“Most likely, having a fully responsive website will become the norm now, as more and more people use tablets and smartphones to get online. So if you want to keep up with your competitors, it’s a very good idea to get responsive,” advises RONIN designer, Darren. “With consumers accessing the internet at work, at home in bed or in front of the TV, while travelling and in shops and restaurants, the way we consume content and shop online is changing.” Far from simply following the hive mind, responsive design will demonstrate that your business is ready for the new world of internet consumption. Why should you get a responsive website?
There are two main reasons why you should get a responsive website: firstly, it ensures easy viewing for your end user, who is treated to a seamless experience whenever and wherever they log on to your website, with no scrolling, zooming or difficulty navigating, and secondly, your painstakingly designed website won’t suffer from odd formatting and other ugly errors. The aesthetic of your website doesn’t just convey your brand identity – a study conducted by Compuware found that 57% of people would not recommend a business to a friend if their mobile website is poorly designed. So not getting responsive could be losing you potential customers even before they land on your homepage.
Are there any negatives to responsive design?
“Responsive design does mean there’s more work initially for your designer, because they need to design three style sheets, instead of just one!” says Carolyn. “But there’ll be less work further down the line trying to adapt your website to keep up with the big changes in the way people access media. And if you leave your responsive website in the hands of a capable designer, the extra work won’t be a problem.”
Plan, plan, plan is the answer – planning your responsive website is the most important part of the design process. Strategy for a desktop website may be different to a mobile website, so careful planning and design will be the way to marry your digital objectives and create a website that works for any platform. Another consideration is that older mobiles and browsers may not be compatible with CSS3, the most recent cascading style sheet incarnation; there are several well-known bugs specific to Internet Explorer, for example. When it comes to the incredibly fast-moving technology industry, out-dated devices are an inevitability; no sooner have you bought the latest model, the next is announced. However, the amount of devices that aren’t compatible are diminishing – after all, how many people do you know who don’t have a smartphone?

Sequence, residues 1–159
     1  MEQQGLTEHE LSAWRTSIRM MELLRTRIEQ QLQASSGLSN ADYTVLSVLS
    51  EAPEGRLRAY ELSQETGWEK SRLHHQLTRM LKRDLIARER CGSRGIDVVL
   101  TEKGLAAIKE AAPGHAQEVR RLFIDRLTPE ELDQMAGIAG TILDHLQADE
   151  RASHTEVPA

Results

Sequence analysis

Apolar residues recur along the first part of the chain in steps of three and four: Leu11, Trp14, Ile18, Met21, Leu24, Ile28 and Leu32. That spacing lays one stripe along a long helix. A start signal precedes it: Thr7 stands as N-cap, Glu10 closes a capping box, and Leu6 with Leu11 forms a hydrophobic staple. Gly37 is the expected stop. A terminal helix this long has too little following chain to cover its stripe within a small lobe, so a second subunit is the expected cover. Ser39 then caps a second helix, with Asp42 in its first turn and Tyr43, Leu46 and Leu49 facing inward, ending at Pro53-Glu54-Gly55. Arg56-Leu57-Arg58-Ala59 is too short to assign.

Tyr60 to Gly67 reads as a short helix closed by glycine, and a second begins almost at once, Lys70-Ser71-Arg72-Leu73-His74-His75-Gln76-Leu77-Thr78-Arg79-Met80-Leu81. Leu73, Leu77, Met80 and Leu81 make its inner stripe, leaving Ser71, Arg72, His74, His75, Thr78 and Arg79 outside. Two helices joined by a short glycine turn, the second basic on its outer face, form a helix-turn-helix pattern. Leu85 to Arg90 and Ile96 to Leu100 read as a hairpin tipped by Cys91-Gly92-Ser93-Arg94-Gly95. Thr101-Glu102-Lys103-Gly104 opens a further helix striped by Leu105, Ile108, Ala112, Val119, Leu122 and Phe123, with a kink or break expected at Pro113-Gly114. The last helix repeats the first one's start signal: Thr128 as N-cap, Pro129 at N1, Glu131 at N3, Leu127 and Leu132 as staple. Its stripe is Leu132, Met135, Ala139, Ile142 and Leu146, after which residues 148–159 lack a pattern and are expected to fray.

Ultimately, the pros outweigh the cons. With more and more people buying and using smartphones each year – according to Super Monitoring, as of 2013, 56% of people across the world have one – it’s vital to ensure your website is mobile and tablet ready. And whilst you could choose a mobile site or app, a responsive website requires the least amount of effort for your user, giving them an easier and more enjoyable visit to your website.
“I actually prefer designing responsive websites now; my favourite responsive website that we’ve designed at RONIN is the Hill Coaching site, or the Bollin Green website which is due to launch very soon,” says Darren. “A responsive website shows your brand identity off to the best effect, no matter what device you’re using to access it.” A brand new adaptive website is calling – will you respond?
Read more at http://www.business2community.com/digital-marketing/get-responsive-website-01059950#VYjv4SfqkQoty3fc.99